Emma Hayes, the coaching mind behind the Chelsea women’s dynasty, sat down for her postmatch news conference on Sunday, enjoying the feeling of a win like few others. The first question asked what was going through her head. “I’m very f—ing happy,” she said, a phrase she would repeat twice more. You could understand why: Chelsea had just clinched the Women’s FA Cup with a thrilling extra-time victory over Manchester City, and that win came just a week after they twice came from behind to beat Manchester United, which saw them secure the Women’s Super League title for the third straight season.
The questions kept coming, her news conference equal parts joyous and emotional. She described the side as the best she had ever coached, and that she’d never had more fun than watching the team grind to Sunday’s win.
It was also revealing and unfiltered, as it’s an interesting time to take stock at Chelsea. The men’s side are in limbo, waiting for the club’s sale to a consortium led by Los Angeles Dodgers part-owner Todd Boehly. Meanwhile, the women’s team has achieved astounding success, but they will need to maintain their investment to stay ahead of an increasingly competitive field in the WSL, all while keeping the core squad together.
Amid all Hayes’ answers came the crux of it all: What comes next?
What impact will the new owners have on Chelsea women?
As the final whistle sounded on Sunday, Hayes pounded the Chelsea badge on her suit jacket. It was a subconscious message of thanks to the club’s hierarchy, director Marina Granovskaia and chairman Bruce Buck.
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“It’s a huge win for Marina and Bruce,” Hayes said. “I want to put that on record for the work they’ve done, not just for me but the team over a period of time. They’ve epitomised everything Chelsea is about.”
The pair, under the investment of former owner Roman Abramovich, have seen Chelsea assemble a WSL-winning squad like no other. The side were still in their infancy in 2014 when midfielder Ji So-Yun joined, with her arrival ushering in several more stars. The club consistently spent money to bolster the team: in 2015, Chelsea paid a then-British-record transfer fee for Fran Kirby, who went on to become the club’s all-time top scorer and a crucial constant in their success. More recently, they spent even more: they hold the world-record transfer fee for a women’s player (Pernille Harder, £250,000), as well as reportedly holding the record for the highest transfer fee paid between WSL clubs (Lauren James from Man United, approximately £200,000).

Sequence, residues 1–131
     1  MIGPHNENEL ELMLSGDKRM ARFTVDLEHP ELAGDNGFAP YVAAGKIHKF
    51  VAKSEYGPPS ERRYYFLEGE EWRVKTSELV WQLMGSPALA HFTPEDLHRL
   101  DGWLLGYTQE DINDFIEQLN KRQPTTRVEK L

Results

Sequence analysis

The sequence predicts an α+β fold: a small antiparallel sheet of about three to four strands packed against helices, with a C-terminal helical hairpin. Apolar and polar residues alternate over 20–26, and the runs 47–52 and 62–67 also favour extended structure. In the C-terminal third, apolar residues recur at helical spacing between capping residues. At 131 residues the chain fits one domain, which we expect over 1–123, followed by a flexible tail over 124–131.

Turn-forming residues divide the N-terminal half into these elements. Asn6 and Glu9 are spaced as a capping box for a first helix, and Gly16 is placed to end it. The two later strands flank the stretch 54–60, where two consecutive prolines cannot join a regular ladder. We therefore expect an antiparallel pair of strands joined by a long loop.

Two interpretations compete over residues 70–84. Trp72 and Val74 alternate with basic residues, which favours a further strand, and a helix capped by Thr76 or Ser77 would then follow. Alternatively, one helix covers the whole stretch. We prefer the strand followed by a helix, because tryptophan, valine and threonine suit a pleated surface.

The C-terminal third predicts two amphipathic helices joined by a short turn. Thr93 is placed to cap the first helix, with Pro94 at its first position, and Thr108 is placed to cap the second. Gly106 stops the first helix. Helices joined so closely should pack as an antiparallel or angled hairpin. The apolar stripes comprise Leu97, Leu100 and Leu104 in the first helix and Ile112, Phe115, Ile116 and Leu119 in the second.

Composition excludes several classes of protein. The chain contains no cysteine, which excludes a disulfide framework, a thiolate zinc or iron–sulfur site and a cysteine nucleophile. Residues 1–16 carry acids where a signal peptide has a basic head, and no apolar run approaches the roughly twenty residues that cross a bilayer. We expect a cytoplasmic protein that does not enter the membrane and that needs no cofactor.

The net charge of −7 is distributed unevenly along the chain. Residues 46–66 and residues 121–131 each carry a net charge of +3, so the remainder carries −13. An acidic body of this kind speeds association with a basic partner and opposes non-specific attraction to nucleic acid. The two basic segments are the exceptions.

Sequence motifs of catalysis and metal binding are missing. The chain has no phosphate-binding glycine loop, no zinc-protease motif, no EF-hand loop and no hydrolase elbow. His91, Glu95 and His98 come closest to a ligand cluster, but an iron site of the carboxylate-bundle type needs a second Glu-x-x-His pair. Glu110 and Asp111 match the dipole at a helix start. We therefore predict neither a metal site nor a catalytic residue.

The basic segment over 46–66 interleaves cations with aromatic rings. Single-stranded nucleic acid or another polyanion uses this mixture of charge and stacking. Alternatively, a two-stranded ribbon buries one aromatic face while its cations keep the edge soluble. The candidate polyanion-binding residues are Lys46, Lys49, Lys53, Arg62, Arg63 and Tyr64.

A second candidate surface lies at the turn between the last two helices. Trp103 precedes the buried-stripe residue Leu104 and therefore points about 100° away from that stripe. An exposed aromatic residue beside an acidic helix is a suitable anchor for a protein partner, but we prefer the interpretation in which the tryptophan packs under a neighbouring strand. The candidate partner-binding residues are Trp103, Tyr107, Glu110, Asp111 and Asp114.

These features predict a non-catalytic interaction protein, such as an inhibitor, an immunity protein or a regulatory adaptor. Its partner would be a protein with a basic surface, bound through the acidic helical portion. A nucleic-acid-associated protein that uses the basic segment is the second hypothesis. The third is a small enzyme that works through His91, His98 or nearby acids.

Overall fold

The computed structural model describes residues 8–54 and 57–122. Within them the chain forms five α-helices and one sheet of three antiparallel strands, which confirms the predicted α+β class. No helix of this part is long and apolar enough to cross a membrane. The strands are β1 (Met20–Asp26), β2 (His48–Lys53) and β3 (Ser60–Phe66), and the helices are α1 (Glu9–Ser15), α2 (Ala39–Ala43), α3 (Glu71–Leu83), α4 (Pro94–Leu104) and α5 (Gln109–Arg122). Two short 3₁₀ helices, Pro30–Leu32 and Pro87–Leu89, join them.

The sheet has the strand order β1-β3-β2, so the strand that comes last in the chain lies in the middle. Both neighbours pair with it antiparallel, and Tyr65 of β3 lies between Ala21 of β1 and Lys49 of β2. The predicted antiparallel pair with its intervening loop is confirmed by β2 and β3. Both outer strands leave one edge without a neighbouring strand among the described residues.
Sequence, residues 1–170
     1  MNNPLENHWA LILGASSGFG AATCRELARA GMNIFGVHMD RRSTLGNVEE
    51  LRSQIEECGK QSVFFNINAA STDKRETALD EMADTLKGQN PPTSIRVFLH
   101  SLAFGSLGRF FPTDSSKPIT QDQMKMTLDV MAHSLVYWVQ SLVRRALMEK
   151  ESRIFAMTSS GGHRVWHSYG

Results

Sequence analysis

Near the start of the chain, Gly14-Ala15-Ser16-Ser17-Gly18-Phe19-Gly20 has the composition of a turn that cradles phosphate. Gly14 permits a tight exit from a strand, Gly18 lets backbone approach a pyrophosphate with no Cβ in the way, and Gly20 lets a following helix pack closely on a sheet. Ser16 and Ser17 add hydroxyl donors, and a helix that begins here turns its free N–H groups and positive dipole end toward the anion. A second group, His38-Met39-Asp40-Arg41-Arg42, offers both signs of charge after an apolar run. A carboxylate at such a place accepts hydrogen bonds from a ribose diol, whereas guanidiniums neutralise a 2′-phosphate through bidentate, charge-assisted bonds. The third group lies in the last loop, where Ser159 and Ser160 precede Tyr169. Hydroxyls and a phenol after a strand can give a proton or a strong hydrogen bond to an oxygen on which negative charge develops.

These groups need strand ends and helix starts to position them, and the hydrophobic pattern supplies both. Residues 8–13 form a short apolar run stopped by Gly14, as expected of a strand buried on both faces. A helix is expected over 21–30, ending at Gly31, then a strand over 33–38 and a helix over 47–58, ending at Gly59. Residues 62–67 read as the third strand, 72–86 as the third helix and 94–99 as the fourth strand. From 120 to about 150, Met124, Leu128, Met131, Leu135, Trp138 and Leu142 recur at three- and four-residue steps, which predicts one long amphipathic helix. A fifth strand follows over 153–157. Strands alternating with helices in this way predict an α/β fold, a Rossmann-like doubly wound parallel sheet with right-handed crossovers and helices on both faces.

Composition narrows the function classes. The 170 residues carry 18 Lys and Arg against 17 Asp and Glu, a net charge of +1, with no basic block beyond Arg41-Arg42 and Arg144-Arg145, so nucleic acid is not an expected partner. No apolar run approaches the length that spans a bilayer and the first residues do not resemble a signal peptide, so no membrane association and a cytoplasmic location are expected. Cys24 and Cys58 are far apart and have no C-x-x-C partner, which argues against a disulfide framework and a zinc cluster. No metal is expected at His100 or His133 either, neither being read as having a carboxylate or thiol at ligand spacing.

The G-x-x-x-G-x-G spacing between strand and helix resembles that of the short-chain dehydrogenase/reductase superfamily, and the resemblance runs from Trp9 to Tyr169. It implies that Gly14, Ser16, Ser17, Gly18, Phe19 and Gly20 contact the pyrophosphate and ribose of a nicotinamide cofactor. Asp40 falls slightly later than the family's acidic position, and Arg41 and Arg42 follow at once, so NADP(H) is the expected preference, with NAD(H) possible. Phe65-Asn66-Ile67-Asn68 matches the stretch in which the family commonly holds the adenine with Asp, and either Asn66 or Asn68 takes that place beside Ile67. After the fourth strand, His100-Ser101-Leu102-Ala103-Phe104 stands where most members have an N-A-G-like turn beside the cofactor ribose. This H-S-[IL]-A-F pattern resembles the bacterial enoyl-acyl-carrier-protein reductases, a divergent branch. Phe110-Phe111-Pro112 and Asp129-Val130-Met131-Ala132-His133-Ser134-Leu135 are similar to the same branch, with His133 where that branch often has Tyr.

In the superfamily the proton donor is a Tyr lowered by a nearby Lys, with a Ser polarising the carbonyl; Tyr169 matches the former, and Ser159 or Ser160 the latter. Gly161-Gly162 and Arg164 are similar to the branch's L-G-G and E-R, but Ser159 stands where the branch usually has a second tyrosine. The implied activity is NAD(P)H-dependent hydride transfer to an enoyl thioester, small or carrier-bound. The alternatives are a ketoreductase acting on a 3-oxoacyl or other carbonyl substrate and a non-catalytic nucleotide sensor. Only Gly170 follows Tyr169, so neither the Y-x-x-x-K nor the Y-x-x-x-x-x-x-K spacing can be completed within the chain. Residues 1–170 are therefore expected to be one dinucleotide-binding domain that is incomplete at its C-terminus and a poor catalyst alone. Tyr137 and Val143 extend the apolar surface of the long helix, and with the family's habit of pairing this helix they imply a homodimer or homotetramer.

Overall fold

The investment has been smart and effective, resulting in squad depth no other WSL side can yet match. Coupled with Hayes’ coaching methods and forward-thinking training methods, Chelsea have ensured that depth is one of their biggest assets. Yet there were questions whether that would continue after Abramovich put the club up for sale, having been sanctioned by the British government following Russia’s invasion of Ukraine.
Speaking in March, days after the Chelsea news broke, Hayes said she had “no doubts” over the importance of the women’s side at Chelsea. The limbo caused tangible issues for the men’s side, with Thomas Tuchel admitting it impacted the club’s ability to keep hold of defenders Andreas Christensen and Antonio Rudiger — both are leaving at the end of their contracts in June.
Boehly met the men’s and women’s players separately at their Cobham training base on Friday and introduced himself. The players were excited to meet the club’s new owner, but the attention was on the present challenge of winning last weekend’s FA Cup finals.
Who will leave Kingsmeadow?
When City boss Gareth Taylor described losing players on a free transfer as “surgery,” he was not being dramatic. With transfers and contracts more short-term and more volatile in the women’s game, Chelsea’s ability to retain is one of their biggest assets. This summer is a prime example.
City face the prospect of losing stars Lucy Bronze and Caroline Weir, whose contracts are set to expire. Midfielder Georgia Stanway, meanwhile, has joined Bayern Munich. Even Arsenal, the other title-chasing team in London, must focus on re-signing club-record scorer Vivianne Miedema after she was linked with a move to Barcelona.